Punisher #8

by Chad Nevett, Reviewer |

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Story by
Rick Remender
Art by
Tan Eng Huat
Colors by
Lee Loughridge
Letters by
Joe Caramagna
Cover by
Mike McKone
Publisher
Marvel Comics
Cover Price
$2.99 (USD)
Release Date
Aug 19th, 2009

Wed, August 19th, 2009 at 4:44PM (PDT)


There’s an inherent flaw to the Punisher operating in the Marvel universe that this issue highlights particularly well: he will only ever kill the d-list nobody villains that, two months later, no one will remember. You know how I know this? In this issue, the Punisher goes up against 16 villains that the Scourge of the Underworld killed and the Hood has resurrected — and I don’t recognize a single one of them. Now, maybe my knowledge of Marvel history isn’t as extensive as it should be or maybe these are a bunch of losers and not really that much of a threat.

It’s a recent fad for every low-level superperson to suddenly seem a giant threat, but this group is such a gathering of losers that they don’t even know who the Avengers are anymore! At no point does the Punisher seem in any sort of danger, which is obviously the goal of bringing back 16 villains sent to kill him. What should be overwhelming for him elicits only the response of ‘Well, you know, a lame Punisher wannabe killed these dorks once already...’

That said, it is entertaining to see the Punisher beat up on a bunch of random villains secure in the knowledge that not everyone is going to walk away. When a classic Avengers team shows up to stop him, things just get better. If you’re a fan of the bearded Thor or red-and-white Iron Man armor, you’re in for a treat. The highlight of this issue is definitely the Punisher versus old school Avengers.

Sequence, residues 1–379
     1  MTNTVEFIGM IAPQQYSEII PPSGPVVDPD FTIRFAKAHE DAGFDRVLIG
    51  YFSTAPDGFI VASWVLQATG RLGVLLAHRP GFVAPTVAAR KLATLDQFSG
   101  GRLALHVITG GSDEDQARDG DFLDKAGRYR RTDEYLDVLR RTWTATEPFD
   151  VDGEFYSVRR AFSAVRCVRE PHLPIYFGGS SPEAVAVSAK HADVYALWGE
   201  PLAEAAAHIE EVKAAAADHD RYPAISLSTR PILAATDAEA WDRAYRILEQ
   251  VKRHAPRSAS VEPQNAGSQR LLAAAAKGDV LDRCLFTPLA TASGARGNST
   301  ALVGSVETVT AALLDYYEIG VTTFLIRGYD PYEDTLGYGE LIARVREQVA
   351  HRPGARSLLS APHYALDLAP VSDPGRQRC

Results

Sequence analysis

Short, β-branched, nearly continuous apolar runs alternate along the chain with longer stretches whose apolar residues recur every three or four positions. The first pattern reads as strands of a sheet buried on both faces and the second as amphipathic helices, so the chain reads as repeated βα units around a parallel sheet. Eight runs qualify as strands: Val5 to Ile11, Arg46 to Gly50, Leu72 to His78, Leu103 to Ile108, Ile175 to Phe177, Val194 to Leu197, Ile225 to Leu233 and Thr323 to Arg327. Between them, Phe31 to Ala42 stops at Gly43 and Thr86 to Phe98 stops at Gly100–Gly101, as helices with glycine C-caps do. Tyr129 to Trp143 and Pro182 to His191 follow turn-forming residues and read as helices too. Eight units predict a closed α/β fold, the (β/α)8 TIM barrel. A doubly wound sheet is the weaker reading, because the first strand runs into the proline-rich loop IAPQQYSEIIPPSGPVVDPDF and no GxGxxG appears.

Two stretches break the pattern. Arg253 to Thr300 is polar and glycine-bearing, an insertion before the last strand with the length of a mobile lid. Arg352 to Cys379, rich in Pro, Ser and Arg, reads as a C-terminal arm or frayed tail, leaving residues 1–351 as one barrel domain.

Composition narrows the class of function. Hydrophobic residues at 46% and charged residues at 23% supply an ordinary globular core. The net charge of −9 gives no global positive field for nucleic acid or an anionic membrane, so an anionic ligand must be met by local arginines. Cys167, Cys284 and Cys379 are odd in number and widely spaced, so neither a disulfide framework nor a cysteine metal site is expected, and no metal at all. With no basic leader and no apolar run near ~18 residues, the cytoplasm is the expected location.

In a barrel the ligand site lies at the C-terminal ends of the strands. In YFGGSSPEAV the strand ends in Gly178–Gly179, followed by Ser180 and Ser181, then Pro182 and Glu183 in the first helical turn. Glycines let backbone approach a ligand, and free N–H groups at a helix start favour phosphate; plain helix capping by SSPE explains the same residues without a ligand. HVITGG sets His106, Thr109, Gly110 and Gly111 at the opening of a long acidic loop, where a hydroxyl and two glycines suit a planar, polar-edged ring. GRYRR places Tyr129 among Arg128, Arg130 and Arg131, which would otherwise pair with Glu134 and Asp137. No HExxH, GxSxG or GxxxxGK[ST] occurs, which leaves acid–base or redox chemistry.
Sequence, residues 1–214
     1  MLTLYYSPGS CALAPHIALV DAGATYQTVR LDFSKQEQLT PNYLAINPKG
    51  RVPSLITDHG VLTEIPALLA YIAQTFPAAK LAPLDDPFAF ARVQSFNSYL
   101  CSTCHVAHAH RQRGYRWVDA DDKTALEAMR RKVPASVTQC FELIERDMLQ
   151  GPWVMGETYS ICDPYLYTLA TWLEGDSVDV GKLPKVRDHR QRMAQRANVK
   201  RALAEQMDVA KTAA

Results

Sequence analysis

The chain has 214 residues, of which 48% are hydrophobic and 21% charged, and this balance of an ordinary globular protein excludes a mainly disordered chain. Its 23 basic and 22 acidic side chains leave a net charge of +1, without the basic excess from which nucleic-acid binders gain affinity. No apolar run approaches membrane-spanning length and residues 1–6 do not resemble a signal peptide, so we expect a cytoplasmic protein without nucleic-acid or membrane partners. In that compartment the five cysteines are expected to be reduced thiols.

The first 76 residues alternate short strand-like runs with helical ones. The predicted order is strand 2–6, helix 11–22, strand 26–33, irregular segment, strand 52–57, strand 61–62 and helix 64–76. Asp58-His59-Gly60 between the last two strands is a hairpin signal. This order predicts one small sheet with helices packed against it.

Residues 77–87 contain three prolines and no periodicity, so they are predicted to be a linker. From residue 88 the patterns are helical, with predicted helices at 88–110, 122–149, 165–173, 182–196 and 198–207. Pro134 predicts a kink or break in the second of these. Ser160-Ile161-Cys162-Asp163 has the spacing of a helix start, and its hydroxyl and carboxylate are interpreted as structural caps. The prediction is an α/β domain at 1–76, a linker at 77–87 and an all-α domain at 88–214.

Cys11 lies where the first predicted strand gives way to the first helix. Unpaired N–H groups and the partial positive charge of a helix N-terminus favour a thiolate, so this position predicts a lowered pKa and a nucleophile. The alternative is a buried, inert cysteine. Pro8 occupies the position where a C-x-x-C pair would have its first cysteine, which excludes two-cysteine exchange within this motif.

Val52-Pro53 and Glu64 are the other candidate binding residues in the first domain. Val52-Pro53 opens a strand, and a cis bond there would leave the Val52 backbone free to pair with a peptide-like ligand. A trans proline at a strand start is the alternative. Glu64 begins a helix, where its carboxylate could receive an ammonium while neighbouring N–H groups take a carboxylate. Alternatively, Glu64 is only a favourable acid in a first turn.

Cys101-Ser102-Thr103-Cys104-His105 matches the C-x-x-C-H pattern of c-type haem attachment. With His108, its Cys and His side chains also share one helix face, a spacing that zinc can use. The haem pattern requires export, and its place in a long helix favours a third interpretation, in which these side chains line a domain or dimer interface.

Normally, I’m a fan of Tan Eng Huat’s art, but it just seems out of place here. His quirky, not-quite-right style fit well on “Ghost Rider” and could work on “The Punisher,” but not when he spends the entire issue taking on lame supervillains and a classic Avengers team. Where Huat’s illustrations are usually wonderfully off-beat and a little disturbing, they just look wrong here. The art is well done, just out of place and doesn’t mesh with the writing.

His art, though, is very dynamic and full of energy. When the Punisher takes down an unnamed villain, the scene is quick, the action energetic, and the drawing conveys that all very well. While Huat’s actual figure and facial work doesn’t fit in with the story here as well as it could, the amount of liveliness in his art is hard to ignore and keeps things moving well.

Ultimately, this issue of “The Punisher” highlights why Frank Castle doesn’t really work in the Marvel universe as much anymore: the only villains he gets to kill are losers, which makes killing them meaningless and the Punisher a bit of a joke. We’re supposed to think that the Punisher is a force to be reckoned with and these nobodies are the cream of the crop when it comes to dead supervillains that the Hood can resurrect? Call me when the Punisher goes up against someone whose name I’ll remember in two weeks.

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